Simmons is also the College Republicans chairman on campus, and they too raised money for the fight against pediatric cancer.  "It's amazing how much money that we raise," mused Simmons.
     "The biggest impact THON has...it just gives people hope."
     Fellow dancer and sophomore Ellis Stump agrees with Simmons.  She represented the Student Council for the Schreyer Honors College and has been dreaming of dancing for THON for years.  Trained through a mini-THON at her old high school, Stump was ecstatic to be contributing to the weekend.
     "I wish I could describe it in words," said Stump of the infectious vibe of the dance marathon.  Stump, who was still going strong early Sunday morning, thought the experience was awesome, especially as she and her friends encouraged the other dancers and student volunteers.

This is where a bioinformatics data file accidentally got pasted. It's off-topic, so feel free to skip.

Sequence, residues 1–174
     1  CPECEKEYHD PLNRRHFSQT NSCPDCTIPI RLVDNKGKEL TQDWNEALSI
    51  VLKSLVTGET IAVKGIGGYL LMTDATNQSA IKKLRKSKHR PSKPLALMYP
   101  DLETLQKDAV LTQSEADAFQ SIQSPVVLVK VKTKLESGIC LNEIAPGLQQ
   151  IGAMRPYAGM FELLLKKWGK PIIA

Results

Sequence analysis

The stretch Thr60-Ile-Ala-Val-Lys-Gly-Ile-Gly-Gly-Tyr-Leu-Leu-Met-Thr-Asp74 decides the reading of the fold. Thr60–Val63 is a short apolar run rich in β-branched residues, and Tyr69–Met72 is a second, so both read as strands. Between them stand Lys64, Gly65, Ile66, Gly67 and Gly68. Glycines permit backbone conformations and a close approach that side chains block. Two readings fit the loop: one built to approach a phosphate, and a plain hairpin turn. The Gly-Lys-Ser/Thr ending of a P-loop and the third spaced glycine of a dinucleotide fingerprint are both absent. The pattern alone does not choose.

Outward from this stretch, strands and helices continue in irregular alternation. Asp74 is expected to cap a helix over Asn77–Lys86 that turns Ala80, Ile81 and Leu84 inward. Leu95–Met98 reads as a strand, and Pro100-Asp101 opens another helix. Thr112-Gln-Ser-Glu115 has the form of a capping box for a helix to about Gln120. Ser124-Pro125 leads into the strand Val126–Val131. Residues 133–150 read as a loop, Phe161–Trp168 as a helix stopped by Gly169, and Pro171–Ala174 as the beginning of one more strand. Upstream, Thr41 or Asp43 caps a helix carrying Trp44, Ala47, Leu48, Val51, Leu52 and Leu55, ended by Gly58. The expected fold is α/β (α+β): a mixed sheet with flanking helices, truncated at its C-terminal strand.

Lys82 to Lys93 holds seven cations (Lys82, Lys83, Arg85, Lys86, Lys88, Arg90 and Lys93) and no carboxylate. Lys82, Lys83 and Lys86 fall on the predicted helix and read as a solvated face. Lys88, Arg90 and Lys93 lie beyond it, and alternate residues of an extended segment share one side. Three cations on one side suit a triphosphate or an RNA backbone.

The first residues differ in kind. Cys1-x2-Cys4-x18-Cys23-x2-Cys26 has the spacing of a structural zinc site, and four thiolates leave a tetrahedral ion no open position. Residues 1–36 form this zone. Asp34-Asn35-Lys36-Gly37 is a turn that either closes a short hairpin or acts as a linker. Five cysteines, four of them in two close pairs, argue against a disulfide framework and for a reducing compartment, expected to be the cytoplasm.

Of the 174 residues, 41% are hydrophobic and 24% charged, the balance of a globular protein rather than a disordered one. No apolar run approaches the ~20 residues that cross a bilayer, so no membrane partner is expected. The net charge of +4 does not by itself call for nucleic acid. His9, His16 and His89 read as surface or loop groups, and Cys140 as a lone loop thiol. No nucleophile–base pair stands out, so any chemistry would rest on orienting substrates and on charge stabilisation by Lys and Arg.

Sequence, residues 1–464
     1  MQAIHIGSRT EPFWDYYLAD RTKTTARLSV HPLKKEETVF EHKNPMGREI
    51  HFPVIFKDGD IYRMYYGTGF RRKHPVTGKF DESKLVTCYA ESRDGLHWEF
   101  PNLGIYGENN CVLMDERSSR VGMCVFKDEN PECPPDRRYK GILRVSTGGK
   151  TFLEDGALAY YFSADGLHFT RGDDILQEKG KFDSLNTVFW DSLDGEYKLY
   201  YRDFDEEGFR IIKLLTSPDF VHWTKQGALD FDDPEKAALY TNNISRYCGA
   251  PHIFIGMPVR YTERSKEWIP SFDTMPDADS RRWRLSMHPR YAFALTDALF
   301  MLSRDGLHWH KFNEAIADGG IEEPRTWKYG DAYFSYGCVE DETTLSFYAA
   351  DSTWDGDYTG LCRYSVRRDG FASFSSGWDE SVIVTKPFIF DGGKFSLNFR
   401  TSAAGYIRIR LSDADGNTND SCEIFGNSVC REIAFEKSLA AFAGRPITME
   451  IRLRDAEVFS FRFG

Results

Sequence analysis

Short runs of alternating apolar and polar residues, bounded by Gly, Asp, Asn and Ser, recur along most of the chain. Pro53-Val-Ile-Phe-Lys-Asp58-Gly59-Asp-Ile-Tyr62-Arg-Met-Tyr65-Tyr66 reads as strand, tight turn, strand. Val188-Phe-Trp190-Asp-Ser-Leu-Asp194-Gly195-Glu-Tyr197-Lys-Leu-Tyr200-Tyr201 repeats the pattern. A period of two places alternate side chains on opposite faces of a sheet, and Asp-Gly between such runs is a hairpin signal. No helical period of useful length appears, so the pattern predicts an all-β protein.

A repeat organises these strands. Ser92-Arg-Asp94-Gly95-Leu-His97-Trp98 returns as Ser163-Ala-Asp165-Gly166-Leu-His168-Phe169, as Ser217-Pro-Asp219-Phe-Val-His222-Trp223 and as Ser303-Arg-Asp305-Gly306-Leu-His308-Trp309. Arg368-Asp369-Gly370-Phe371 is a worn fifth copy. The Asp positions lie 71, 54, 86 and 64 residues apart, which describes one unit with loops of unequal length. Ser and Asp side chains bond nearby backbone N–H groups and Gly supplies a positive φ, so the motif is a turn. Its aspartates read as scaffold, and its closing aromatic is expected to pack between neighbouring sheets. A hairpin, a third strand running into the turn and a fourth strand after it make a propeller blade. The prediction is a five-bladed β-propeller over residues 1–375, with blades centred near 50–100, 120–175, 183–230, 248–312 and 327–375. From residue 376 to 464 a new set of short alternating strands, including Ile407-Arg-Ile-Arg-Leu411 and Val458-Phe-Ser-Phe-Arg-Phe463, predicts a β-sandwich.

THON consists of mostly freestyle dancing, but the line dance performed by the Dance Relations committee throughout the weekend was a choreographed highlight pulling from popular music of the past few decades and a rousing Penn State cheer to kill cancer.
     From talking to a kid to dancing with a friend, Stump thought everything about THON was fun.  "I feel so surrounded by love," said Stump during the event.  "Everyone's there for the exact same reason."
     Each of the 708 dancers who earned the right to shred the floor over THON weekend was paired up with a child or THON committee member to keep their spirits up and make them feel appreciated.
     One of these student volunteers was Graceanne Domino, media relations captain and member of the Public Relations Committee.  Appointed in April of 2015, Domino went to work year-round securing media coverage, sharing press information and working with the media.  Everything went into overdrive when January hit.